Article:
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Subject: Re: More on the dreaded optionality problem....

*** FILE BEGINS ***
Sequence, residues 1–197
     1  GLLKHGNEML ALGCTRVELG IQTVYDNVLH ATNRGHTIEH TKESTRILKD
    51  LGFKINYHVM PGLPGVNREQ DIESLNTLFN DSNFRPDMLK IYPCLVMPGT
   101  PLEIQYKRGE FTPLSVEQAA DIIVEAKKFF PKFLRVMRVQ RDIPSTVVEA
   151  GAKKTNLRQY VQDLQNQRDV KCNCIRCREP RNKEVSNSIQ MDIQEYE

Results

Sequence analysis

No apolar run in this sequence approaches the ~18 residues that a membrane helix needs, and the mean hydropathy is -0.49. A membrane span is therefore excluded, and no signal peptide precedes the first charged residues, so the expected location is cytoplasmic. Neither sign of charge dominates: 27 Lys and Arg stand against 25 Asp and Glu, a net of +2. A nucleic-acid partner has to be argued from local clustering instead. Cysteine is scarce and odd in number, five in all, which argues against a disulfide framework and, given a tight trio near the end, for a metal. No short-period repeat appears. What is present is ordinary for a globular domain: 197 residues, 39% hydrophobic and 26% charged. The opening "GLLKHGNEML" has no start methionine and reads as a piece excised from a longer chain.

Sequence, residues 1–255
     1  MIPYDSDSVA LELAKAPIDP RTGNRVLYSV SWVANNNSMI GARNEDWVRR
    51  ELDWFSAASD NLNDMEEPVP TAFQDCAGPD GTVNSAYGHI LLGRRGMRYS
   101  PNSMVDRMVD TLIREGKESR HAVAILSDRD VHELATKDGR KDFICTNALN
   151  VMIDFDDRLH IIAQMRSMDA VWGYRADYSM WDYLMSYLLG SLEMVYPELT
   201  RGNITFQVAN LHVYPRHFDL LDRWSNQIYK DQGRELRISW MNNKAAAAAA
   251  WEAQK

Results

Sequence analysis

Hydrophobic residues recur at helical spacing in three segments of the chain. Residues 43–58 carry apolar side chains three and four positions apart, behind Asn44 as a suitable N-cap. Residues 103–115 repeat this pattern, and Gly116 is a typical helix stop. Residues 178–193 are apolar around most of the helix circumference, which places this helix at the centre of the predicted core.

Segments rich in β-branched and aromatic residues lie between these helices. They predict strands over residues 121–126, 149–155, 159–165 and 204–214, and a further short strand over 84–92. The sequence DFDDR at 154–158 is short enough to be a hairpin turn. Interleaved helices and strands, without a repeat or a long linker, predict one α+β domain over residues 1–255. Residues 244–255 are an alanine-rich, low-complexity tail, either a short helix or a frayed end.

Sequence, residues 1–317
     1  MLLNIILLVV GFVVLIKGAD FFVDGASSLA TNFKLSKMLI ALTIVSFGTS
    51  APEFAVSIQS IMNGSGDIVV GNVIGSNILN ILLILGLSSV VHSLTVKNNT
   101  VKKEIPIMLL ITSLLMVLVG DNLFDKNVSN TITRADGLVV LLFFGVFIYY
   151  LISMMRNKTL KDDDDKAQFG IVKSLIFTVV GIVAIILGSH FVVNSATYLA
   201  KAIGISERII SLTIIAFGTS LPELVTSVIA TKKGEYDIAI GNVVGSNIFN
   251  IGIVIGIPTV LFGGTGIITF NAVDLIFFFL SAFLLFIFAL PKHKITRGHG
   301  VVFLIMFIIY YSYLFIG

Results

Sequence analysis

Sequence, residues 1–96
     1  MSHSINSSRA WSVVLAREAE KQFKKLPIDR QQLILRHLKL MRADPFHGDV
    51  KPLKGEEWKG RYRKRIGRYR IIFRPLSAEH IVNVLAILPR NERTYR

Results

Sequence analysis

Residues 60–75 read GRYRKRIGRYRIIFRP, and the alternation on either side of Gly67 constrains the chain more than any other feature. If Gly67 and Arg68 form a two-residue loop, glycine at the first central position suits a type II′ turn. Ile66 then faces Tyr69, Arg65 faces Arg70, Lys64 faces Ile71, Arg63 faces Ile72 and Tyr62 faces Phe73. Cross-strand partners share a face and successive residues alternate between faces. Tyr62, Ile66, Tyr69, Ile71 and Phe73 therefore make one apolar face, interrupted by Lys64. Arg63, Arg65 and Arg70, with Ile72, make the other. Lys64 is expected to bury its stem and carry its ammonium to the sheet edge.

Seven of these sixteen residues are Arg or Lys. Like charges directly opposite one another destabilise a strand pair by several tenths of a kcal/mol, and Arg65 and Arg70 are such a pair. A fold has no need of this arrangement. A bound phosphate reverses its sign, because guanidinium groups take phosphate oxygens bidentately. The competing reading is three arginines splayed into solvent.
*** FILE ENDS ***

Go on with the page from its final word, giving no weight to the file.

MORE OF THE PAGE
William, I would agree with you that, when analysing the needs of a business user if one 'plays back' the business requirements as understood by the analyst, in UML - The user is bound to ask what planet the analyst comes from. As to the question of optionality - by which I take you mean a cardinality of 0..n where n may be 1 - conditionality may be expressed in OCL - Object Constraint Language - again far too complex for the business user, with the disadvantage that the 'well formedness' of the OCL can only be checked outside Rational Rose and other tools. OCL, anyway, is not even for business analysts and business modellers, since to get to grips with it one needs some acquaintance with programming. UML is very good for modelling software systems, object and classes etc. The best way to model for the Business User is to employ UML Use Cases but these allow state diagrams and sequence diagrams to be associated with them, which are, in many environments, outside the experience of a business user . The answer is not simplwe I am afraid. Cheers, Phil Goatly. ----- Original Message ----- From: "William J. Kammerer" <firstname.lastname@example.org> To: "ebXML Core" <email@example.com> Sent: Monday, March 12, 2001 12:51 PM Subject: More on the dreaded optionality problem.... > While reading up on UML - as I am still not convinced that it brings > much value to modeling external business processes - I came across our > own Christian Huemer of the University of Vienna and the ebXML BP group > in the IEEE Proceedings of the 34th Hawaii International Conference on > System Sciences - 2001. Sheesh! I've never been to Hawaii - maybe I > ought to get in on this UML modeling bandwagon. See "Defining > Electronic Data Interchange Transactions with UML," (0-7695-0981-9/01), > at http://www.computer.org/proceedings/hicss/0981/0981toc.htm under > Track 7: Internet and the Digital Economy Track within E-Commerce > Systems Development Methodologies. > > Well, I'm still not a believer in UML, but Huemer has a salient quote > that buttresses what I said last Friday regarding optionality causing > complexity: > > ...people not directly involved in message development... > may not understand the complexity included in the [EDI > standard] messages. This is made worse by the fact that > standard messages include optionality without explaining > under which conditions these options are to be used. > > William J. Kammerer > FORESIGHT Corp. > 4950 Blazer Pkwy. > Dublin, OH USA 43017-3305 > +1 614 791-1600 > > Visit FORESIGHT Corp. at http://www.foresightcorp.com/ > "accelerating time-to-trade" > > > > ------------------------------------------------------------------ > To unsubscribe from this elist send a message with the single word > "unsubscribe" in the body to: firstname.lastname@example.org >
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